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Citizenship

The 2 Things Bill Gates Told Trump During Their Meeting

Bill and Melinda Gates have spent $28 billion through their eponymous foundation on charitable causes, primarily on projects in developing countries like eradicating polio and preventing malaria.

But their commitments alone can’t end global problems like extreme poverty, so they often find themselves making the case for foreign aid to world leaders.

On Thursday, Bill Gates visited US President Donald Trump in the White House to argue against expected cuts to US foreign aid, according to CNN.

Take Action: Call on the State Department and HHS Department to #StoptheCuts and Protect Foreign Aid

In an interview with Politico earlier in the day, Gates laid out his approach for persuading Trump.

“I’ll take his framework and explain why things like health security and continued foreign aid, even in that narrow framework, where you give no credit for saving lives in Africa, kind of pure humanitarian things, even without that, this is money well spent,” he said in the interview.

Gates said he would emphasize two things to Trump.

First, how foreign aid has been a great investment for the country because it promotes national security, creates new trading partners, and improves the reputation of the US.

Today, 11 of the the country’s top 15 trading partners once received US foreign aid.

All across the US, states depend on foreign trade because they create products that are then sold overseas to other countries. As Ricardo Michel from USAID points out, “95 percent of the world’s consumers live outside our borders.”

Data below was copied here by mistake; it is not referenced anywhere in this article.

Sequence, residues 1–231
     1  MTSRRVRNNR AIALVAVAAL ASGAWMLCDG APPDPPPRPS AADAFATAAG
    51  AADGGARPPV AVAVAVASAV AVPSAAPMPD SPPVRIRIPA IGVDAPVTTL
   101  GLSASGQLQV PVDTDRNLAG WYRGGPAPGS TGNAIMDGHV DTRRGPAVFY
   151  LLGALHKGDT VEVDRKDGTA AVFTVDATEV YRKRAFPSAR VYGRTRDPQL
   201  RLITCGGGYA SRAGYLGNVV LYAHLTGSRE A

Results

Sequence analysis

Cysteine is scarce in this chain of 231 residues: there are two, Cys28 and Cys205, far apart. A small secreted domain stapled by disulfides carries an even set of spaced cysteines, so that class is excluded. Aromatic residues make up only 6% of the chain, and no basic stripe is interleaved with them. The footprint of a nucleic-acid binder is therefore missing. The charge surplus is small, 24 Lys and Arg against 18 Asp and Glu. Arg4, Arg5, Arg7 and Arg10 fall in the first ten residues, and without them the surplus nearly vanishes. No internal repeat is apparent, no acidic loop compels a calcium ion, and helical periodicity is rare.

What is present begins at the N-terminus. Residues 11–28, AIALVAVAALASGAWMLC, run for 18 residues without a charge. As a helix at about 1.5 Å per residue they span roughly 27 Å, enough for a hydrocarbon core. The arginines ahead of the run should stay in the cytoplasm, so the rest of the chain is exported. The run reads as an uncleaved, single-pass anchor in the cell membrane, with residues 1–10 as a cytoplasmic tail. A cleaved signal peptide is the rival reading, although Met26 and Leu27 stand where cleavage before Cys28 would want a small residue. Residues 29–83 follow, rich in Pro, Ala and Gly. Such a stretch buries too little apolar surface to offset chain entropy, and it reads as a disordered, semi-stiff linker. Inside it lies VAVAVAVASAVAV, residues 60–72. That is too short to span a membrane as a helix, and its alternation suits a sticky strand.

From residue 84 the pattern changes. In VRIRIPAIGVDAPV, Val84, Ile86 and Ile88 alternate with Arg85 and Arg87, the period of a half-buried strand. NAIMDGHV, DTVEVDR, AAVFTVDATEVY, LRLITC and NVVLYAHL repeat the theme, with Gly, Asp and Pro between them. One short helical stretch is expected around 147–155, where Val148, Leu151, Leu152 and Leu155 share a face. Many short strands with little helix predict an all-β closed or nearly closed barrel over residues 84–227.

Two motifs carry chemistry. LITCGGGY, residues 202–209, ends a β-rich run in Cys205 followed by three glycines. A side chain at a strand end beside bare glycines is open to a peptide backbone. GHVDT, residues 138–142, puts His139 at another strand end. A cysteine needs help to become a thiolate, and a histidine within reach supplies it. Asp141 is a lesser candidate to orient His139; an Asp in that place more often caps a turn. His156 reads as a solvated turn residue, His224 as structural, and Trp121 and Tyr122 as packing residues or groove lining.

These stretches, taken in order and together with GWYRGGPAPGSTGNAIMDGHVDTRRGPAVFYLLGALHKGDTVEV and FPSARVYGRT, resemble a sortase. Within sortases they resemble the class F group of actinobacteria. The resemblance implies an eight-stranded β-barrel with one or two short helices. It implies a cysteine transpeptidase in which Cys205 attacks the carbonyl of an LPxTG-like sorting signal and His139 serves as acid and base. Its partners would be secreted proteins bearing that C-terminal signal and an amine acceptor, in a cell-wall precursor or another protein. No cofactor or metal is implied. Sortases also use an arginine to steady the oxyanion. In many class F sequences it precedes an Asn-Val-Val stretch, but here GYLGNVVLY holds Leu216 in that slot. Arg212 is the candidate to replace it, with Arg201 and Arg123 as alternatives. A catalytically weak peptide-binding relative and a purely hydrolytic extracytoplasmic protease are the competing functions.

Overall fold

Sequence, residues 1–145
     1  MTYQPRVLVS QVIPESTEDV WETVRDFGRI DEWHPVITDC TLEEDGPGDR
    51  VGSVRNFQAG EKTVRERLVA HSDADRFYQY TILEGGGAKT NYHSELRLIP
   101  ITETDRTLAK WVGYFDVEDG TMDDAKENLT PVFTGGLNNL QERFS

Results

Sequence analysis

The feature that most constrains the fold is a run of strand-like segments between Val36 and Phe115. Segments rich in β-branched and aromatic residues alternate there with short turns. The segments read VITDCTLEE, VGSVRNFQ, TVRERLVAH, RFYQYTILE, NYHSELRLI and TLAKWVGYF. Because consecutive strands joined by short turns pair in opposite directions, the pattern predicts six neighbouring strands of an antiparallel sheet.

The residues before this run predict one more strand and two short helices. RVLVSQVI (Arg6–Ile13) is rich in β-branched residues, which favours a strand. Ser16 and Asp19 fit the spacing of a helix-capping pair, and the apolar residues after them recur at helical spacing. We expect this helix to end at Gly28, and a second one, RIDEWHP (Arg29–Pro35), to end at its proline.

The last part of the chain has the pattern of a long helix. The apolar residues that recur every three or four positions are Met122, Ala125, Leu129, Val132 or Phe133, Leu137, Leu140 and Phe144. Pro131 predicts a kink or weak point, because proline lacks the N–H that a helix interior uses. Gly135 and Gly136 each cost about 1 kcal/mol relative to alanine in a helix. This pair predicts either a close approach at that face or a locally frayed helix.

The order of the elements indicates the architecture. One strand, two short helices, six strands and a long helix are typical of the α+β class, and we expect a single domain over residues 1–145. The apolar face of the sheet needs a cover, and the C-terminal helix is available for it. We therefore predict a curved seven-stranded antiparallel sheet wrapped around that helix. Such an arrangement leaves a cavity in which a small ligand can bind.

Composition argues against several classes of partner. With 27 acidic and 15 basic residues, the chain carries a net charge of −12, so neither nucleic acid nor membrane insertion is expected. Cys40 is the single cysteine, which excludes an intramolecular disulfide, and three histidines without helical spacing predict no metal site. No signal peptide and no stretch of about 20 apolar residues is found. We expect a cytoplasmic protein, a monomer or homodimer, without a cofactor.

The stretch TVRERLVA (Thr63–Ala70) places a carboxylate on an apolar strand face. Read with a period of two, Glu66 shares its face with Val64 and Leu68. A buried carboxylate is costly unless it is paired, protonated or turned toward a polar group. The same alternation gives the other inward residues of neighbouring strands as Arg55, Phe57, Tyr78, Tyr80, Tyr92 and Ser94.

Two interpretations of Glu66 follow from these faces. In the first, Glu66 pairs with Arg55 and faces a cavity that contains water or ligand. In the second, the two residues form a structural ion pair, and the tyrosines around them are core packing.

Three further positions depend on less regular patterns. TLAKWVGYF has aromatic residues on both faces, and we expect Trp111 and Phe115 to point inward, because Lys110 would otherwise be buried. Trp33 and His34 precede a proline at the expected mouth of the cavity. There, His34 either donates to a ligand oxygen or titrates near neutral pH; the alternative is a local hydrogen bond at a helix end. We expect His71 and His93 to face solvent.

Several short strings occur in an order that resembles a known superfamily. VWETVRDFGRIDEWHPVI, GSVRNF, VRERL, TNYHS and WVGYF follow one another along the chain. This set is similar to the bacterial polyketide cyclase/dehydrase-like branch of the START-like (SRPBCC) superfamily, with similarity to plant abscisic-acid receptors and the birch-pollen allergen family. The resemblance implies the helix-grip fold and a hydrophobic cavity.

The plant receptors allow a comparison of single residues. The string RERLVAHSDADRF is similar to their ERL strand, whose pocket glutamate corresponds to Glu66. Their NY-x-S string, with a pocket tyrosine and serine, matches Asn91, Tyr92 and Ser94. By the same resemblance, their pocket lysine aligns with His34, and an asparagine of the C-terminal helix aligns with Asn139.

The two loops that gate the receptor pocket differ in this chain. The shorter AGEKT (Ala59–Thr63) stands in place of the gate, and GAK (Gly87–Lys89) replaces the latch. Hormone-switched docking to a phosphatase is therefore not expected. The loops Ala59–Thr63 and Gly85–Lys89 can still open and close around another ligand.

Read More: How to Talk About Foreign Aid Without Sounding Dumb

Foreign aid also helps to foster peaceful societies around the world by alleviating some of the causes of conflict such as extreme poverty and corruption, therefore increasing the security of the US.

Second, Gates said he would explain how foreign aid can stop epidemics from spreading.

“The preparedness we have for a pandemic, either a naturally caused pandemic or a bioterrorism, intention-caused pandemic, we don’t have the tools, the preparedness, the capacity to deal with that,” he said.

Read More: The Little-Known History of US Foreign Aid

“And yet the science is at a point where for a fairly small portion of that increase, say a few percent a year, you could do something quite miraculous in terms of health security,” he added.

The Trump administration is currently trying to slash the money allocated to foreign aid by nearly a third.

Read More: The Little-Known History of US Foreign Aid

But, as Gates points out, all the benefits of foreign aid are possible for less than 1% of the US budget.

“It’s hard for me to understand the notion that helping people that are poorer than we are is a bad thing,” he said in the interview. “It’s kind of in the Bible.”

Global Citizen campaigns on protecting and increasing US foreign aid and you can take action on this issue here.